Spending boost for Devon County Council services
Posted on: 11 February 2016
More than £8 million extra will be spent on services in Devon next year after county councillors won a battle with Government over funding for rural areas.
Local Government Secretary Greg Clarke confirmed this week that Devon would get an extra £8.4 million in rural support and other grants for 2016/17 on top of the provisional settlement he had announced earlier.
It makes Devon County Council the fourth highest beneficiary in the country after robust lobbying from council leader John Hart and the county’s MPs.
The authority’s Cabinet meets tomorrow (Friday) to decide how to allocate the extra money, which will be held centrally.
It is proposed an extra £5 million will go into strengthening resilience in social care for elderly and vulnerable people as Devon’s population continues to age.
A further £1.5 million will be set aside to fund the county’s response to severe storms with an extra £1 million spent on highways drainage, safety defects and hedging.
And £1 million will be set aside to fund more efficient and cost-effective working using new technology. In addition £40,000 extra will go to support the Citizens’ Advice Bureau.
Devon County Council leader, John Hart, said: “I am delighted the Government has listened to our robust lobbying about the high cost of providing effective services to people in sparsely populated rural areas.
“We have campaigned consistently for greater resources to be devoted to rural areas like Devon which regularly lose out to urban areas up country when it comes to national spending priorities.
“I would like to thank all our Devon MPs who have supported us so consistently at Westminster in challenging Ministers.
“We still face a very tough budget settlement with some very difficult decisions. But this extra, one-off money will mean we can better support the people of Devon.
”We will use the additional money to support our growing population of elderly and vulnerable residents and to boost the resilience of our road network after the repeated soakings we have suffered over the past months with successive gales blowing the leaves off the trees and clogging our drains.”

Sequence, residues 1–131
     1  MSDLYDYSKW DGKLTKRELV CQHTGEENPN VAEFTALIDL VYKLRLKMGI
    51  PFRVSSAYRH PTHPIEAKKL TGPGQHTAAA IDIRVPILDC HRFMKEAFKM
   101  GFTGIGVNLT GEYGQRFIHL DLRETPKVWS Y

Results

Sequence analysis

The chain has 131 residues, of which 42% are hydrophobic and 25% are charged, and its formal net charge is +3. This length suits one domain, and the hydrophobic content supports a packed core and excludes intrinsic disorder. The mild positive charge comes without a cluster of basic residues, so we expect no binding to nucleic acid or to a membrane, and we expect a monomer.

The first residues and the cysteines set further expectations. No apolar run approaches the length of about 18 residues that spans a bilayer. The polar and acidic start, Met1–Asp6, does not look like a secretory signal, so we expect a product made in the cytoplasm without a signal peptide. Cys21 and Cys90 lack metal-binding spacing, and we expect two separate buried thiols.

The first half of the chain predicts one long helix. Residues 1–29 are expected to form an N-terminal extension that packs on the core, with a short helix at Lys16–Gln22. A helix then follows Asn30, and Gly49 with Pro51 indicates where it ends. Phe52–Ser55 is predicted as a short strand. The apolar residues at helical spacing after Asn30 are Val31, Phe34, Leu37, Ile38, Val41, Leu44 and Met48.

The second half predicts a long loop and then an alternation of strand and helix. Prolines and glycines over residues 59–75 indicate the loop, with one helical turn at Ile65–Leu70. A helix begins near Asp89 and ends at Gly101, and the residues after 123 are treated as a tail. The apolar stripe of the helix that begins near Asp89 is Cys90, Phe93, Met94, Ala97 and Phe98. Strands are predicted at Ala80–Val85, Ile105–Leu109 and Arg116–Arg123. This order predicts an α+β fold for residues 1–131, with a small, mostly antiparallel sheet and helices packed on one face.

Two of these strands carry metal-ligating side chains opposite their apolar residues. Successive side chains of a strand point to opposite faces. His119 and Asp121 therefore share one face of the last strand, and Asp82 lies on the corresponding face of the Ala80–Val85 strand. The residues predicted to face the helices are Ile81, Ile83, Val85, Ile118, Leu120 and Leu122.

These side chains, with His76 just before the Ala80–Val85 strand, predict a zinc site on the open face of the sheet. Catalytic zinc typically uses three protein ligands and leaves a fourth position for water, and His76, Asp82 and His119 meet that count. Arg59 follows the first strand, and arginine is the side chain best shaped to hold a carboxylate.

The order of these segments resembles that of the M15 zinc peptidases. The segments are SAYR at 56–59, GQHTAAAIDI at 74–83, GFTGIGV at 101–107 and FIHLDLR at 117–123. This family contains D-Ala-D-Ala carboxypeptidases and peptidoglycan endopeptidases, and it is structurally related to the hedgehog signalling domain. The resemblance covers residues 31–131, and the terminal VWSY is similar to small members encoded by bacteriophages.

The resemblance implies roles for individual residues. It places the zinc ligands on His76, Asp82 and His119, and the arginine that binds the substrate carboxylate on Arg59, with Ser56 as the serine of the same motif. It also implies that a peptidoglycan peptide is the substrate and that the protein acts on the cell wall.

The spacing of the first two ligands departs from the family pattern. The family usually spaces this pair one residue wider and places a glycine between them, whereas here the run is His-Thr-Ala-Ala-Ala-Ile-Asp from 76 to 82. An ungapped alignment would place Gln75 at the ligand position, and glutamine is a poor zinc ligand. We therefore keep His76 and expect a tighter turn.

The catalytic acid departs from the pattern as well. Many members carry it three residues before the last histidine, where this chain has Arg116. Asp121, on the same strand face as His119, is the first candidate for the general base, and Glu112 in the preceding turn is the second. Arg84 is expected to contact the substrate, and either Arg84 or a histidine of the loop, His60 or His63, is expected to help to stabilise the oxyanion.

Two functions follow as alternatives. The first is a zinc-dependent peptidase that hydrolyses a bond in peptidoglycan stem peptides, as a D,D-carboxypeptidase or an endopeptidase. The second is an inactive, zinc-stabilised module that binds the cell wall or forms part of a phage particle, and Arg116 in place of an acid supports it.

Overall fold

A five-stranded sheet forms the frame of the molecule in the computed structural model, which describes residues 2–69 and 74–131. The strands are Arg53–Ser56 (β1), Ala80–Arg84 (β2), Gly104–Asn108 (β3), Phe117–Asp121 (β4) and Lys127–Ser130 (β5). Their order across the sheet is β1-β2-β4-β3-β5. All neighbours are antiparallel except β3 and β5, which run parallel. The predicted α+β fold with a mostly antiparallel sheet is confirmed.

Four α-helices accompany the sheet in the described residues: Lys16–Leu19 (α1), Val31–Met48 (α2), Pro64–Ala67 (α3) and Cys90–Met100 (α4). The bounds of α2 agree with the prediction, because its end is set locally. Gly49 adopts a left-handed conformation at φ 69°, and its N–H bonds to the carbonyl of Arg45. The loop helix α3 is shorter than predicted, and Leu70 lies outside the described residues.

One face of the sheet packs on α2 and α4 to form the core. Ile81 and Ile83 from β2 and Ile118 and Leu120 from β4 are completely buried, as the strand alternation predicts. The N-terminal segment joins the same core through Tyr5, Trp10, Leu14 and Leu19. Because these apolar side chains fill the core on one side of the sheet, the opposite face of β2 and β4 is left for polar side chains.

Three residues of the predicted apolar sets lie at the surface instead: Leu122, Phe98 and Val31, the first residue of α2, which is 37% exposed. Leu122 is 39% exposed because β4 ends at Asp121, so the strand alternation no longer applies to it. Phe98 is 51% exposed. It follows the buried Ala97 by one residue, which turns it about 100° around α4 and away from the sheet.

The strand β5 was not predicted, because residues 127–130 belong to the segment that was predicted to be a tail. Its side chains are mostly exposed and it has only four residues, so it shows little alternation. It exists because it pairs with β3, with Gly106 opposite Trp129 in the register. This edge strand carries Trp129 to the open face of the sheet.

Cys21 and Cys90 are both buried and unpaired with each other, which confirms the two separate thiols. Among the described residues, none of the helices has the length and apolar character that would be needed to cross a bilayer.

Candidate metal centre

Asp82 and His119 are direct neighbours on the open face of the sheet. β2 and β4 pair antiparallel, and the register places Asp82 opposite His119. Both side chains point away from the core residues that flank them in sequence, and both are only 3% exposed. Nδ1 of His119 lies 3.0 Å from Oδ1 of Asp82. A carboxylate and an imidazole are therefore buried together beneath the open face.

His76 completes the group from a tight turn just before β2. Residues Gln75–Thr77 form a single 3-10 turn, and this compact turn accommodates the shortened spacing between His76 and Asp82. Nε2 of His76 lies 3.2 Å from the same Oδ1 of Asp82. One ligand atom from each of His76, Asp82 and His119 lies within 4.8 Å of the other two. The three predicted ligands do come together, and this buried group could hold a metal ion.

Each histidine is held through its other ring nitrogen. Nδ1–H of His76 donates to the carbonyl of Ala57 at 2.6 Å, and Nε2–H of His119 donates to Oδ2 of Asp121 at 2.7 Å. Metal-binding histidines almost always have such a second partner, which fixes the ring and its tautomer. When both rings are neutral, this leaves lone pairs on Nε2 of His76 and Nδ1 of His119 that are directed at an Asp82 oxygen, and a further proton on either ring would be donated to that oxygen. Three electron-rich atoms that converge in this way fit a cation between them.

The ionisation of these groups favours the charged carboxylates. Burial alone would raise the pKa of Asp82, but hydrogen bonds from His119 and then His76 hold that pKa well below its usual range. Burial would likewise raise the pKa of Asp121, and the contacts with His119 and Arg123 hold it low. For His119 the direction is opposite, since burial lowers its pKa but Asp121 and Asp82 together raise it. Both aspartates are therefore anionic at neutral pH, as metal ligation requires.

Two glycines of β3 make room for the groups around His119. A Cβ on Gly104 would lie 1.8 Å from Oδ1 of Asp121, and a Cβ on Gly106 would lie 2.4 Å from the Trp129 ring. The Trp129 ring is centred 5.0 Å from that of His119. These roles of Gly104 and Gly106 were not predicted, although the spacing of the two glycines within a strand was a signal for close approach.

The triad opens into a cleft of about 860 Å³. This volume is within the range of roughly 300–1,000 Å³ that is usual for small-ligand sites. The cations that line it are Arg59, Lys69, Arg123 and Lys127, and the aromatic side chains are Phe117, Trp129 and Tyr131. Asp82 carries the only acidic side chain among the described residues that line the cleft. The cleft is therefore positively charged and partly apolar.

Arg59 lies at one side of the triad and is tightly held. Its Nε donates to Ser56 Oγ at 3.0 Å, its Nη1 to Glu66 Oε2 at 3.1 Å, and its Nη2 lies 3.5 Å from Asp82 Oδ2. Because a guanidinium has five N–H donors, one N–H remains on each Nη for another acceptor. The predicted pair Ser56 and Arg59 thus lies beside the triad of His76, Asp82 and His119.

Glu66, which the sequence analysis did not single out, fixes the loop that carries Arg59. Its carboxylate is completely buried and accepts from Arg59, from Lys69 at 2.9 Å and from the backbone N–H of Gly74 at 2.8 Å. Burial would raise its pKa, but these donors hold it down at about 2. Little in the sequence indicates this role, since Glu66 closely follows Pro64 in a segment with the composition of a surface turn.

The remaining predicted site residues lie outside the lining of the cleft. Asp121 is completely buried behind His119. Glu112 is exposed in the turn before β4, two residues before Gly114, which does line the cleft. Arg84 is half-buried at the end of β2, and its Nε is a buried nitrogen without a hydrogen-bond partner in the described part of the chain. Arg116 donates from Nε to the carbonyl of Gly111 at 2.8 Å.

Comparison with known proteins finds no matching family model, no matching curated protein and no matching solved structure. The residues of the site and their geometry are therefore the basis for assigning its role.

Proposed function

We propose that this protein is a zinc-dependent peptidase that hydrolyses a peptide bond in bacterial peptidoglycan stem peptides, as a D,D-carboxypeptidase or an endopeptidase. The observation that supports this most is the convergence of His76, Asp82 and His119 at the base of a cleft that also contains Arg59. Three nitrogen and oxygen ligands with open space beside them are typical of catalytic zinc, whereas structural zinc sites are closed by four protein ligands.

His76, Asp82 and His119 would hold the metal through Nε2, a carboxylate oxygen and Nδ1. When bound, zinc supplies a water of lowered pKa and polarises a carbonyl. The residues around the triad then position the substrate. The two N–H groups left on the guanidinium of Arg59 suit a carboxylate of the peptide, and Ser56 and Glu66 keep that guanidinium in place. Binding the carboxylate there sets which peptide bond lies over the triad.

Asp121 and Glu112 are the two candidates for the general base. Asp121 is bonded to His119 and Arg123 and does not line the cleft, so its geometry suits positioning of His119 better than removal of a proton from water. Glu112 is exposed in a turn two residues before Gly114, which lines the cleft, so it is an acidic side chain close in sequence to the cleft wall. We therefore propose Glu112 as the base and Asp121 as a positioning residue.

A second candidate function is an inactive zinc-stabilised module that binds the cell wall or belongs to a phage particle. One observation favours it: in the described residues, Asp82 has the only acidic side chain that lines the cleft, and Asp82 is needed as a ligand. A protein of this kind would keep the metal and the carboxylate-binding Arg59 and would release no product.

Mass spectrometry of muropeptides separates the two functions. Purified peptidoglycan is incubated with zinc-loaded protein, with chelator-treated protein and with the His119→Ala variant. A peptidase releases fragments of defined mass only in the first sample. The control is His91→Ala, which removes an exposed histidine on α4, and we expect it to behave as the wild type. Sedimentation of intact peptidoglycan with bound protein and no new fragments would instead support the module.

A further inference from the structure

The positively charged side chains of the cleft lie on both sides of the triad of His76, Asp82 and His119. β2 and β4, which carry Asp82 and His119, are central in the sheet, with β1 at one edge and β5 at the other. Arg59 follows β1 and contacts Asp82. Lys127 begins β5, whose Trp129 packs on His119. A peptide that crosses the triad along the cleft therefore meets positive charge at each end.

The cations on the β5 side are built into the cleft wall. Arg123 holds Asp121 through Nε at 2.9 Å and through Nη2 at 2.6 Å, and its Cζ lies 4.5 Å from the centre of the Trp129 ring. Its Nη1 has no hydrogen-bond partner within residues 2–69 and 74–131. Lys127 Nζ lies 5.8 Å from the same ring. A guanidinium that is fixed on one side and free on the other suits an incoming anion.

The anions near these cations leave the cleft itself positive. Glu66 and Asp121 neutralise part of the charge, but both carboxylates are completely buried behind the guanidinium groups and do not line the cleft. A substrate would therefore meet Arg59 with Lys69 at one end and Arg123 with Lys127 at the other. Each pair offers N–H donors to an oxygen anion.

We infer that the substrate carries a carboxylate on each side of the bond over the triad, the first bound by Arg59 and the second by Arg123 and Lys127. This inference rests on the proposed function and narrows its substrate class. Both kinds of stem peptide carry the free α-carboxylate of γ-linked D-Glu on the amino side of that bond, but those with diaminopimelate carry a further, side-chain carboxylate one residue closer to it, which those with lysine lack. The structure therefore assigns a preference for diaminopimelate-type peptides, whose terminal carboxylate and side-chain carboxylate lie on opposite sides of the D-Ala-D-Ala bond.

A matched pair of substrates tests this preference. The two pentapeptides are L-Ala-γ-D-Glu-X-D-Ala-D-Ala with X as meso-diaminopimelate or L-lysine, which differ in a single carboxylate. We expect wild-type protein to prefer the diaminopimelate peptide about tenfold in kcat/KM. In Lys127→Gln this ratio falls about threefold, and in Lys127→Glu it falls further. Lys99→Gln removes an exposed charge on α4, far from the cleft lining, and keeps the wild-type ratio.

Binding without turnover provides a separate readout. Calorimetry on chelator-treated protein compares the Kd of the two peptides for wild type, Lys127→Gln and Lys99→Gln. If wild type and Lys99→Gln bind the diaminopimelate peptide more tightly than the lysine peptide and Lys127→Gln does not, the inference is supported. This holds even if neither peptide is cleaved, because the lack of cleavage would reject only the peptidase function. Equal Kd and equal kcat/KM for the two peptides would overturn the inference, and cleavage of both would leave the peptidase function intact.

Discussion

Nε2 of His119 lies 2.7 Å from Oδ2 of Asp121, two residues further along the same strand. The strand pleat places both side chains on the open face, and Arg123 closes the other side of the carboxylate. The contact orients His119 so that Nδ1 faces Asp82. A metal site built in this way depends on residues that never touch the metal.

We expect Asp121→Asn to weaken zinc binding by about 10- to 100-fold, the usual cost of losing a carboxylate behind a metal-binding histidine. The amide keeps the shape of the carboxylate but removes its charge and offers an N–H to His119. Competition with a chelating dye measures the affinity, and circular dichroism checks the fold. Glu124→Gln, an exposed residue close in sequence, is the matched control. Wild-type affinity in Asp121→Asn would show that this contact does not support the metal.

Devon is now set to spend over £443 million on services in the new financial year.
The budget includes a £16.1 million boost for under pressure care services. The People budget will rise to £316.1 million – up 5.4 per cent on the current year.
But there will be a reduction of £3.4 million in Place services which cover highways, libraries and the economy – down from £97.3 million to £93.9 million.
The budget for the Corporate Services department, which provides backroom support, will fall by 8.8 per cent from £36.7 million to £33.4 million
County Treasurer Mary Davis will tell the Cabinet tomorrow that between 2011/12 and 2015/16, Devon’s spending has reduced by £174 million as a result of national austerity measures.
The budget is based on a council tax rise of 3.99 per cent. That is just over £46 a year extra for the average Band D council taxpayer taking their bill for county council services to £1,207.62.
This does not include council tax bills for police, fire, district and parish councils.
The overall increase includes a 1.99 per cent rise in the general council tax with 2 per cent extra to help pay specifically for adult social care.
Councillors decided last month to accept the Government ‘s offer to increase council tax by two per cent to help pay for adult social care.
This will raise just under £6.5 million which will help pay for the Government’s increase in the minimum wage. That will cost the county council over £7 million more in care costs in 2016/17.
The majority of this cost relates to those who care for vulnerable adults.
Mr Hart said: “This has been a difficult decision to take.
“We are well aware that many people in Devon are living on fixed incomes or low wages and any increase in their living costs is unwelcome.
“But the rise in the minimum wage will boost incomes – especially for many of the care staff who do an absolutely vital job looking after our elderly and vulnerable adults.
“George Osborne offered all upper tier councils the opportunity to earmark an increase in council tax especially for adult care in his autumn statement last year.
“At the same time our Government grant was reduced again and without taking advantage of this offer, we would have to make even more severe cuts than we are considering in the budget.
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